Wise Decisions During Uncertain Times

How to make wise decisions during uncertain times.

This is a time of hard choices in uncertain times. Should you go to the hospital if you get short of breath, or should you ride it out at home? Should you let your kid endure the potential damage of remote learning, or should you let your child go to an in-person school where it’s allowed? Should you quit your job so you can home school, but then how will you pay the bills and get your child’s social needs met safely? Should you risk taking a front line job in order to create security for your family after getting fired from a company that went under? Should you join a protest to stand up for what you believe is morally just when doing so could get you infected? Should you divorce a partner who has shown you the dark side during a lockdown and won’t get therapy? Now that you’ve been evicted, where should you move? Should you file for bankruptcy or let go of your house? Should you fire your employees once the PPP runs out or liquidate your dwindling retirement account to keep paying them? Should you try to move to a country where people take this virus and this corrupt government more seriously than they seem to be doing in your spinning out of control country? Should you try to buy a piece of land off the grid and find a small circle of people who share your values so you can create a bubble of safety and shared choices? But then what about all the people who don’t have the power and privilege to do this? Wouldn’t it violate your values to turn away from those whose backs your privilege was built upon? Should you fly to see your aging mother or protect her by staying away, leaving her lonely, depressed, disoriented, and isolated but virus-free?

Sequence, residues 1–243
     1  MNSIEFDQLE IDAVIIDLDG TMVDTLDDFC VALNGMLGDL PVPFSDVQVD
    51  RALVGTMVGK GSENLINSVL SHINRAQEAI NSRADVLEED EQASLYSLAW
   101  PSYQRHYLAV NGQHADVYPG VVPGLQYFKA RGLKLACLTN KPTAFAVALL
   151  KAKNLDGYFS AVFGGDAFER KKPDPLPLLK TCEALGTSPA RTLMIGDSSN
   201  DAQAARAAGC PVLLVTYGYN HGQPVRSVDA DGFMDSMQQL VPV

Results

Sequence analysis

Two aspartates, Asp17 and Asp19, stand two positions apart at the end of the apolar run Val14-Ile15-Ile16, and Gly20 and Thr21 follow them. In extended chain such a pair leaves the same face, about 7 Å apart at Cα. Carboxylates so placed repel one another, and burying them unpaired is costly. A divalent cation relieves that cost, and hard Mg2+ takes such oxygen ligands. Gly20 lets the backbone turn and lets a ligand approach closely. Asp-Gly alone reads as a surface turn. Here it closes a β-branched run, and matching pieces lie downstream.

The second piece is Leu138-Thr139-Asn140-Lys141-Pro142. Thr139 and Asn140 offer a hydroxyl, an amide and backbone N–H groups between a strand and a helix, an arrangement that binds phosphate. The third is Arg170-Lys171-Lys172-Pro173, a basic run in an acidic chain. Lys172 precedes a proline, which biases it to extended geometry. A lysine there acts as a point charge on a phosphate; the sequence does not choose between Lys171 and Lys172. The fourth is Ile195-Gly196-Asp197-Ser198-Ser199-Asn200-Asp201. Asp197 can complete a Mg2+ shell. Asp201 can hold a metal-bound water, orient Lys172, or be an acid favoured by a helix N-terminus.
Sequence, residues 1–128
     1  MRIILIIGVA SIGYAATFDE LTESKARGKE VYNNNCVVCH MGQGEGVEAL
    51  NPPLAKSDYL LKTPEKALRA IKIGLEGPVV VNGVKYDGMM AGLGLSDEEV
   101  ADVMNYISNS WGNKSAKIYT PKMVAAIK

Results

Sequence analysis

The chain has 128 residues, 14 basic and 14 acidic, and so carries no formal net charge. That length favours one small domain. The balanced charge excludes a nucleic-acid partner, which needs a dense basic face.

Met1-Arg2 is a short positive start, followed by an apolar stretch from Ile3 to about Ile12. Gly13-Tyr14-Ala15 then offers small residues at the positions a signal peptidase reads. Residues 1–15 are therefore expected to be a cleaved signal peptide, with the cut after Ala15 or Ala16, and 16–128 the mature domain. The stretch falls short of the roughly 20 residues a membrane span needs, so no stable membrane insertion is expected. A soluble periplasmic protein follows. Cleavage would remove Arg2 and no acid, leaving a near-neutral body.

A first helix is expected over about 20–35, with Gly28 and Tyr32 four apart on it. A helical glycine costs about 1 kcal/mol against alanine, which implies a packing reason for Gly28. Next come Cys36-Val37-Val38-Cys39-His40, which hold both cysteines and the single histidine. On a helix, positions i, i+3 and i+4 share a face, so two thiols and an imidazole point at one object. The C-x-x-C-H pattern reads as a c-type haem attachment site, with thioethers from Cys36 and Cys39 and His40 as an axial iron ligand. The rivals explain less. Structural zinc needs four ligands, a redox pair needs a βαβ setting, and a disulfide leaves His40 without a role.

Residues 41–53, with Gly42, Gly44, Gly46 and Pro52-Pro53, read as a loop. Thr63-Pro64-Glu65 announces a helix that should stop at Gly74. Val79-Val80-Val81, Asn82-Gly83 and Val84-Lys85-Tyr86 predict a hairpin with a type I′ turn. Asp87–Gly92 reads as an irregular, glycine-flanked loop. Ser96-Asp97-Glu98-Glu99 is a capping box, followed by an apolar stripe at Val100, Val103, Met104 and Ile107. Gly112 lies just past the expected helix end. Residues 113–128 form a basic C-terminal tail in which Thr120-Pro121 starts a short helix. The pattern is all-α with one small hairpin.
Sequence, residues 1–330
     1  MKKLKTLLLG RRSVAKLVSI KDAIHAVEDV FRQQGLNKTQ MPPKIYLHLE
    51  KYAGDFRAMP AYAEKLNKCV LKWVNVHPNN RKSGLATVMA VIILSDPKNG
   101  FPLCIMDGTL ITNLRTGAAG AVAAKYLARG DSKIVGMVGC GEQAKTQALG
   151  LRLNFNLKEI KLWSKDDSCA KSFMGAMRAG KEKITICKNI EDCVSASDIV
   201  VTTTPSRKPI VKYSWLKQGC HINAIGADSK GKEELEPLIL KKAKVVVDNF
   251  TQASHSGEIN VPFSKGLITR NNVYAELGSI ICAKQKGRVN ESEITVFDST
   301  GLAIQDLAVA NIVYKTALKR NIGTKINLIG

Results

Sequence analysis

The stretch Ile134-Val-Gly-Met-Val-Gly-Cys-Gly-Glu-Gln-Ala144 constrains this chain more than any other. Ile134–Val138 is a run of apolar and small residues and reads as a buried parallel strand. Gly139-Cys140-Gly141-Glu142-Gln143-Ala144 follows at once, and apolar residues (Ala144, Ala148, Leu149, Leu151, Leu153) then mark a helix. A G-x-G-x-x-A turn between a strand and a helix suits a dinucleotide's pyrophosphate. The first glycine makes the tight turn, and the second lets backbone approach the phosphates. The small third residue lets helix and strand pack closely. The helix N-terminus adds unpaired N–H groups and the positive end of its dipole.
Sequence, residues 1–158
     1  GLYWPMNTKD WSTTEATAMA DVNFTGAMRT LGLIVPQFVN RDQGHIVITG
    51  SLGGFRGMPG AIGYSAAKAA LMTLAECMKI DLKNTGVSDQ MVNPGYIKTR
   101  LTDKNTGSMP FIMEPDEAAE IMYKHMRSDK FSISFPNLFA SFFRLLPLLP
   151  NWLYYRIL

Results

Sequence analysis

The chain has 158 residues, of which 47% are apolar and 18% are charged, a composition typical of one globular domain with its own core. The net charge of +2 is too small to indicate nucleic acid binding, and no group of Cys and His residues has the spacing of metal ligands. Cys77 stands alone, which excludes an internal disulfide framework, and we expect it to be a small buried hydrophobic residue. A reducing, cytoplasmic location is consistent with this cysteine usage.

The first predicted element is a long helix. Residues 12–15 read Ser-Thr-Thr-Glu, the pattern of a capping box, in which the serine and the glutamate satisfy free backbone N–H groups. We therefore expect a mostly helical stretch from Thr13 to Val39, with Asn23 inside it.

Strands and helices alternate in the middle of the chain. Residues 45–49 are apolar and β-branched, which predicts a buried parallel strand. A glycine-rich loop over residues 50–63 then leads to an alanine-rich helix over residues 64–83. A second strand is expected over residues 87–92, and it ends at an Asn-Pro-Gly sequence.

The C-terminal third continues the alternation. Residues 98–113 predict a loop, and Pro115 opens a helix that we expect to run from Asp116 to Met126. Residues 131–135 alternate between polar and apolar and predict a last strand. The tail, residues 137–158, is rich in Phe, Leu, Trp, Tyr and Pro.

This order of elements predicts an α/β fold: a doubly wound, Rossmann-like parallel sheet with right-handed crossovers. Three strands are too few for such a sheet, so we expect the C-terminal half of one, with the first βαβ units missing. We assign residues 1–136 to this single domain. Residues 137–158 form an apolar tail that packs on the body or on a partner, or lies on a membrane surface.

And those are just the big decisions. There are so many small choices too. Should you dare to get together with your best friend who you haven’t seen for four months when you both live with high risk loved ones? Should you hug her when you’ve been so touch starved? Should you get that dental procedure you really need when doing so means you can’t wear a mask or social distance from your dental team in an indoor office where people’s mouths are open and potentially shedding the virus? Should you eat at the restaurant where you know the struggling owner, or should you keep your distance? Should you risk a road trip, so your family doesn’t kill each other at home, or should you learn to deal with your restlessness? Should you sell your vacation home so you can pay your struggling employees or help out an unemployed friend? Is it okay to let your lonely, sad kid have a sleepover? Should you wear a mask while hiking on a deserted trail? Should you take it off inside your sick mother’s home so you can see each other’s shining faces smiling tenderly?

How Do You Make Decisions?

Most people make decisions by relying solely on mental intelligence and fear. You study the facts, weigh pros and cons, consider worst-case scenarios, try to avoid regret, and do your best to avoid all risk. Yet these are risky times when avoiding one risk means incurring another. While your mental intelligence still needs to inform your decisions, mental intelligence alone will not hack it right now.

How else can you make decisions? Our indigenous ancestors had access to many more decision-making faculties. While mental intelligence is very important, it is only one of the four Whole Health Intelligences I wrote about here.